New Tax Bill Allows WV Gambling Loss Deductions Before Reporting Winnings To IRS

Written By T.J. McBride on March 31, 2023 - Last Updated on April 17, 2023
Bill could save West Virginia gamblers big bucks

A bill awaiting West Virginia Gov. Jim Justice’s signature to become law changes the way casino and lottery winnings and losses are taxed.

House Bill 2821 allows West Virginians to deduct gambling losses from winnings before filing state taxes. It allows taxpayers who file easy tax forms to deduct gambling losses just like taxpayers who itemize deductions.

Unfortunately, losses cannot exceed winnings, and detailed records of losses must be kept throughout the year.

House Bill 2821 could lower tax burden for hundreds of thousands

West Virginia online gambling is thriving: Online casinos handled $367.6 million in bets in February, the best four-week period in the history of online gambling in the state.

Sponsors of House Bill 2821 include Delegates Jarred Cannon, Brandon Steele, Shawn Fluharty, Clay Riley, William Nestor, Erikka Storch, and Paul Espinosa. The wording of the bill is clear-cut:

“Gains arising from gambling and lotteries are taxable as personal income. For the tax years beginning on or after Jan. 1, 2023, when calculating gains, the taxpayer may deduct gambling and lottery losses up to the amount won for that year, but may not deduct the costs and expenses incurred in connection with the gambling and lottery activity. The taxpayer shall maintain detailed records substantiating losses if the taxpayer intends to deduct those losses. The taxpayer shall have the burden of proving any losses.”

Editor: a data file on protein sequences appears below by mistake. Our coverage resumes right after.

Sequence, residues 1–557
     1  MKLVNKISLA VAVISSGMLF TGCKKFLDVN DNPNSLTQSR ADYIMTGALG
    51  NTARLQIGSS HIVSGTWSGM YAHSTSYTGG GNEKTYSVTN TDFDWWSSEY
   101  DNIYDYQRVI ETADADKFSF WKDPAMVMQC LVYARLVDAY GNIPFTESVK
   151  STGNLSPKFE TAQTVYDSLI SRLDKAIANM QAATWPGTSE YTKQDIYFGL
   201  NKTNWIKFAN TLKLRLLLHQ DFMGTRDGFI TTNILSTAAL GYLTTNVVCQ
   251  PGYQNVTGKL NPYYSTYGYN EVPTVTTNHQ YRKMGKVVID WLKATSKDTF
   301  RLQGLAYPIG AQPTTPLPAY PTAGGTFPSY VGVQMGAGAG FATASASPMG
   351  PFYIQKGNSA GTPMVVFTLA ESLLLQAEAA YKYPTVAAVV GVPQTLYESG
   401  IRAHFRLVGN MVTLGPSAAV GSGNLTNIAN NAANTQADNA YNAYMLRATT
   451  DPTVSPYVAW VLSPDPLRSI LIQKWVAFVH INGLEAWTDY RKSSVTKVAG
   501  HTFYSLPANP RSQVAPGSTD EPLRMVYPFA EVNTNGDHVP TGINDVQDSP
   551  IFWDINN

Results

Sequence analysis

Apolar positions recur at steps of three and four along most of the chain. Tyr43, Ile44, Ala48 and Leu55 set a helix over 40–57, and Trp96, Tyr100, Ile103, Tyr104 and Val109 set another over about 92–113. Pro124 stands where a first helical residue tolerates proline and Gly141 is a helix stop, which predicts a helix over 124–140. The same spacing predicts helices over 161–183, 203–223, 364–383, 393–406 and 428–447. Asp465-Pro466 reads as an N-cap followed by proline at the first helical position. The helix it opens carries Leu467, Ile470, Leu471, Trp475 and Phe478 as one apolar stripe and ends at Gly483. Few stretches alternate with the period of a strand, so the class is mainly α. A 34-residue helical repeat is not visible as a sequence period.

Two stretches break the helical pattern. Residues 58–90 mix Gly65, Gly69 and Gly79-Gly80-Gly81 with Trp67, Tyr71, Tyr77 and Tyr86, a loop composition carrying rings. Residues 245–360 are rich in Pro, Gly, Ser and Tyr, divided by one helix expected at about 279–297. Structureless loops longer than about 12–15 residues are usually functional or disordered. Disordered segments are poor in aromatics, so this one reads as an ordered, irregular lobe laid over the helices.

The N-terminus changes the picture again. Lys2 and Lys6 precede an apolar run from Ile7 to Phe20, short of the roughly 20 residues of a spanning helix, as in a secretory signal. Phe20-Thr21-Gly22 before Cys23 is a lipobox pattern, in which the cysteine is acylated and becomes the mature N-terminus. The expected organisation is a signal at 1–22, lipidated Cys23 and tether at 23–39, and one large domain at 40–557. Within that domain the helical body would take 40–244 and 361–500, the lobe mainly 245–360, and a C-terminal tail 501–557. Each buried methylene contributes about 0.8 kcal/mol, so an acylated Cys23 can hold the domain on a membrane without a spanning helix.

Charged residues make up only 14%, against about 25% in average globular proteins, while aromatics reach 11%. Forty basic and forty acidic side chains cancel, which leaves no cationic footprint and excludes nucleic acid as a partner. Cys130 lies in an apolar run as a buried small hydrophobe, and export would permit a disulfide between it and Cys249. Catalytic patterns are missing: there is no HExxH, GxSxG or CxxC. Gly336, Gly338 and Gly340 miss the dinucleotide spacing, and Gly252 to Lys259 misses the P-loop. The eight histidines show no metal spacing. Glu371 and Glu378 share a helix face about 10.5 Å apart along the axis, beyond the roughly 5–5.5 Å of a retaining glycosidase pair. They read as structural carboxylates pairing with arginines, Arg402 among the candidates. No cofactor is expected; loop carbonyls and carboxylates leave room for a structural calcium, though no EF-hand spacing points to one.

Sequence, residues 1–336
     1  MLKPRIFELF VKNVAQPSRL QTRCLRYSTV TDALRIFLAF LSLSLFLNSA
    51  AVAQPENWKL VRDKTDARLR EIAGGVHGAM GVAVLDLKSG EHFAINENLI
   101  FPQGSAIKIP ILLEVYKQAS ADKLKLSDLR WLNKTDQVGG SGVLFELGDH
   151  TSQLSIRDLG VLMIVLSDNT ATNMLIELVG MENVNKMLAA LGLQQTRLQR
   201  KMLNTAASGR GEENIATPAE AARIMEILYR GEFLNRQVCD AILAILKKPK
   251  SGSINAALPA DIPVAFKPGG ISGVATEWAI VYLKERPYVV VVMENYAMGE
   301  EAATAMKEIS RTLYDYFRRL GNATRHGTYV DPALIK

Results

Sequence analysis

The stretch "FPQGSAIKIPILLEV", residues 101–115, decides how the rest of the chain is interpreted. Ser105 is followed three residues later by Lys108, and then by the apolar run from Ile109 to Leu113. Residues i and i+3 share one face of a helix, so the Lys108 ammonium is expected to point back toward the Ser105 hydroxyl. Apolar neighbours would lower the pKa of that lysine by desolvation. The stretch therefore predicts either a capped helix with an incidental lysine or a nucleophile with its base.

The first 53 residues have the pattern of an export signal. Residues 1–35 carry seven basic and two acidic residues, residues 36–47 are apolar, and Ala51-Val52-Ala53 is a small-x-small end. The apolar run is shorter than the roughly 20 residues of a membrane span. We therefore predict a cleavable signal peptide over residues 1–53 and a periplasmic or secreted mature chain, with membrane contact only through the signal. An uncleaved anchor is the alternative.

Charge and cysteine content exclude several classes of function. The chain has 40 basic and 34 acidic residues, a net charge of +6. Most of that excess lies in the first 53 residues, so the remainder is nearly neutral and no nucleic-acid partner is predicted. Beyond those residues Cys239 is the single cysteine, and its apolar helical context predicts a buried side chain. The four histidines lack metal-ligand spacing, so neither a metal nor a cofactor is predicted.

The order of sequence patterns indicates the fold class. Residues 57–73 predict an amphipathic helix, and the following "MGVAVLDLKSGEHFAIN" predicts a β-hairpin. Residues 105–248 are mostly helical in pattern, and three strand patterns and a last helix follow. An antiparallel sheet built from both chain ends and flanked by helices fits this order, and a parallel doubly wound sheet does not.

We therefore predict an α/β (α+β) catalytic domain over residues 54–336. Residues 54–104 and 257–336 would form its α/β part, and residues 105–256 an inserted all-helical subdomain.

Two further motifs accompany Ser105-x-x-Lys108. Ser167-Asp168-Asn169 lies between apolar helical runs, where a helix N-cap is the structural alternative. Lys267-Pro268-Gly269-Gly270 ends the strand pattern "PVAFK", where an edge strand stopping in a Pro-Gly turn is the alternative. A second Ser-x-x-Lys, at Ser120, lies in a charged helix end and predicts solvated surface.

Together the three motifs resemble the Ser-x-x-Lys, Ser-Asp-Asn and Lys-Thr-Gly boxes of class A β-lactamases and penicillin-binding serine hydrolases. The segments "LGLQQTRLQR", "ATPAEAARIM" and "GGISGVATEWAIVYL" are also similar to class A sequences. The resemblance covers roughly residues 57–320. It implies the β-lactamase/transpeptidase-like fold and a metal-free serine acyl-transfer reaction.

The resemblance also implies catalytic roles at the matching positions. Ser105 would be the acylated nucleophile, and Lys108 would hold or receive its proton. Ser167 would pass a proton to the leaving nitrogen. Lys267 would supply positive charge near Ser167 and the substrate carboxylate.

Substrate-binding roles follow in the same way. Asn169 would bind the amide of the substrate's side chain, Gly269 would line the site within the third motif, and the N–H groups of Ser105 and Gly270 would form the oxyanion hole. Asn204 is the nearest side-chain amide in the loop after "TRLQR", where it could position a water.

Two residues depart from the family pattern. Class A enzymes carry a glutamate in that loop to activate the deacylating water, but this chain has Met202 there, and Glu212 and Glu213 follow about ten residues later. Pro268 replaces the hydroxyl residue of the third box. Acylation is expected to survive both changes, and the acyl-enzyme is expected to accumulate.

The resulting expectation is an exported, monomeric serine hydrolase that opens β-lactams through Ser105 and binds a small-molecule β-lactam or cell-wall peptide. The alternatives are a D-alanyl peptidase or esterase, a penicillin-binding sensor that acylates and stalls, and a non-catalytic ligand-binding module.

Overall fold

So, gamblers can now deduct their losses from their winnings before they file their taxes. That could lower the tax liability for hundreds of thousands of West Virginia taxpayers.

The amount of losses can’t exceed the amount of winnings. And players must take on the burden of maintaining detailed records to substantiate their losses.

HB 2821 levels the playing field

In reality, HB 2821 should be a no-brainer. All gamblers should be able to deduct losses from winnings before reporting winnings as additional income on tax forms. It will be interesting to see how many states follow West Virginia’s lead on this.

When you take a step back and consider that the state benefits greatly from gamblers playing the games they enjoy at regulated and licensed gambling facilities, it makes sense for states to create some tax relief for players.

As outlined extensively at PlayWV, tax money generated from state lotteries and regulated retail and online casinos directly generates money to fund programs that improve quality of life in the state. So, if gamblers are contributing money to fix infrastructure and help schools in the state just by playing, they should not be penalized by Uncle Sam.

It’s a win-win-win. Players get tax relief on gambling losses, the state gets tax money from casinos, and the casinos profit from more patrons playing their games.

Now, it’s up to the governor to sign the bill, which has been sitting on his desk since March 22.

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T.J. McBride

T.J. McBride is a writer and reporter based in Denver who covers the Nuggets as a beat writer. He regularly contributes to multiple sites on issues surrounding efforts for legalized gambling. His byline can be seen at ESPN, FiveThirtyEight, Bleacher Report and others.

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